** Dennis McCunnery sent this piece in as a comment to back up my article on Windows 10 last month but I thought its length deserved to be given space of its own. The link to getting W7 games does actually work and if you don’t like those advert laden games apps, you can get your favourites back. I tried it and am happy again. Having had some discussions with him, I’m happy to note he knows his subject.
If you use alternative means to use the Internet, then his observations there will be of use to you.
About the only thing I’ve changed is expanding his abbreviations. Geoff **
At this point, I’ve updated two systems to Win10. One was a laptop running Win7n Home, and the other was a laptop running Win 8.1 Home. My significant other updated her Win 7 Home laptop without my assistance.
The significant other’s laptop was updated by download. On the other two, I downloaded the Win10 ISO file, installed that to a bootable USB stick and upgraded from the stick.
I have the Win10 Pro upgrade on a USB stick for my Win7 Pro desktop, but that’s a future step. The desktop dual boots Win7 Pro and Ubuntu Linux from SSD and I’ve heard claims elsewhere about problems upgrading dual boot systems. I’m making sure I know what I’m doing before upgrading.
The upgrades were fairly painless. The significant other and I both used the Custom install option, and said ‘No’ to all of the optional stuff MS suggested. The significant other ‘s Win7 laptop and our friend’s Win 8.1 laptop had 4GB RAM. The other Win7 laptop had 3GB, but could be expanded to 4GB. I did so. Reports elsewhere indicated Win10 was comfortable in 4GB.
The other thing I did was make sure only Basic telemetry was enabled. Win10 tries to phone home with status information about your system, to assist MS in solving problems and squashing bugs. The highest level of telemetry can include memory dumps that might include personal data. The privacy freaks are up in arms because Win10 doesn’t *let* you turn off telemetry entirely unless you are an Enterprise customer. Nothing in the Basic telemetry sent to MS gives me heartburn, so I don’t care.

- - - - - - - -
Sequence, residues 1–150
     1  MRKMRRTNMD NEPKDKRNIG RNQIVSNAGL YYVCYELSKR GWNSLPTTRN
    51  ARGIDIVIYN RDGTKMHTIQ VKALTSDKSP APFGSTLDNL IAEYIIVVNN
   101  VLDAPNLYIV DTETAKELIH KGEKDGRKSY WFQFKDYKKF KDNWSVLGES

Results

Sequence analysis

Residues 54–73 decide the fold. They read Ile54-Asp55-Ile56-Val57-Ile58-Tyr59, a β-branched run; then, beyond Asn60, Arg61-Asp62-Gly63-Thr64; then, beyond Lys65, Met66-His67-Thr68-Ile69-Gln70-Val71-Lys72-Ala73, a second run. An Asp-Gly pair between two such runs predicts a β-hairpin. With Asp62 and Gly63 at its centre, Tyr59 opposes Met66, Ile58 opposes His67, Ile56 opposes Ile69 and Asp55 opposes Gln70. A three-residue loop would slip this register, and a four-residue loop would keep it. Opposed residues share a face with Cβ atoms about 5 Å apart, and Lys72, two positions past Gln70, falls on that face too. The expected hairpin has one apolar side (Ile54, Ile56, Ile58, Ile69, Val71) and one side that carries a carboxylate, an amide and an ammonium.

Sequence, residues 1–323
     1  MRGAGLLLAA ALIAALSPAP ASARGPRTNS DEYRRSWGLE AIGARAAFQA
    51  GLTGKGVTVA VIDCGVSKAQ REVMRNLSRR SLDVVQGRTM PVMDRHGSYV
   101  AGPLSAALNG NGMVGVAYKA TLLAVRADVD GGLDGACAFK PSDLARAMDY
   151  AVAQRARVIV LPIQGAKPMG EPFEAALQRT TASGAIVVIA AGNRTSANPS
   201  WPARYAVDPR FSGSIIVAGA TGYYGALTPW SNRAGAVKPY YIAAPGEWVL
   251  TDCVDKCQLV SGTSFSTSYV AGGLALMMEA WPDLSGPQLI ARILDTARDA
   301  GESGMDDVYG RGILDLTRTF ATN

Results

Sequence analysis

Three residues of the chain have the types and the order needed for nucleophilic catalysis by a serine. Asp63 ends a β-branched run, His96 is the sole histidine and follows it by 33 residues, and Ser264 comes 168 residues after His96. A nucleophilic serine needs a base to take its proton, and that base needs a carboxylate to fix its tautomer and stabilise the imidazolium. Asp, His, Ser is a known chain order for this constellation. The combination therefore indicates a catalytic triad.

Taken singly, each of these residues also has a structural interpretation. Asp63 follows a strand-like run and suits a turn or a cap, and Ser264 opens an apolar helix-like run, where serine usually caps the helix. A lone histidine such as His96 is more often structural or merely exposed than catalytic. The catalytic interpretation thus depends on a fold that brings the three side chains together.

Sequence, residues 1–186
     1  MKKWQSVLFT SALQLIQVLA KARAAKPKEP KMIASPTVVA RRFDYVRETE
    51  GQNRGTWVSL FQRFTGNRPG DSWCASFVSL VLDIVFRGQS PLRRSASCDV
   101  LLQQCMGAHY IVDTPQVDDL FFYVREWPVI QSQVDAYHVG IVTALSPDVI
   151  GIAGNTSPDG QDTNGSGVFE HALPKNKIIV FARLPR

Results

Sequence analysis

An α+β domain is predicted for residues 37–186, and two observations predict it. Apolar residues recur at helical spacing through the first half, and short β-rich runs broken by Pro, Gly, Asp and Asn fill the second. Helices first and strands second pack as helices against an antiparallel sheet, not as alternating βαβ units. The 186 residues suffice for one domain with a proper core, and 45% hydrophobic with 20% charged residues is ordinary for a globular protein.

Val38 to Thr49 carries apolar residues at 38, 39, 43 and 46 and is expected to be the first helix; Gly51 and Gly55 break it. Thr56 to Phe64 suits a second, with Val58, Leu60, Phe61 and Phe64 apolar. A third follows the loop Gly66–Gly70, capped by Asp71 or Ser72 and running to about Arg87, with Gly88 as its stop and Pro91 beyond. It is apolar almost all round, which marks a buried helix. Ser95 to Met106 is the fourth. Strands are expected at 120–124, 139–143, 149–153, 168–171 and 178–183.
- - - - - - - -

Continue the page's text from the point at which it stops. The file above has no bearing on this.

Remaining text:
The big issue for my significant other and the mutual friend whose 8.1 system I upgraded was something Microsoft stated in their FAQ but few seem to have read: if you have the games formerly provided as part of a Windows installation, they will be *removed*. I got ‘Hey! Where’s Freecell?’ queries.
You can’t simply copy them over from an earlier Windows installation. They have embedded version checks, and won’t run on Win10. If you want the games, you must get them from the Windows Store and the free versions are ad supported and differ from the older ones.
Fortunately, some pseudonymous folks on the Internet patched the Win7 games to remove the version check, and offered them in an installer that can add one or all to your Win10 system. I found a copy, used it, and made SO and friend happy. Look at: http://winaero.com/download.php?view.1836
One thing I did for our collective sanity was install the open source Classic Shell package. Win10 returns the Start Menu, but their effort has produced a raft of ‘Why did they fix what wasn’t broken?’ complaints. Win10’s default Start Menu gets a lot of criticism. Classic Shell does what the name implies, providing a Start Menu like the old one and can be configured to look like the Win7 Start Menu as well. The friend with the 8.1 laptop was *delighted* to say goodbye to the Win 8.1 Metro interface.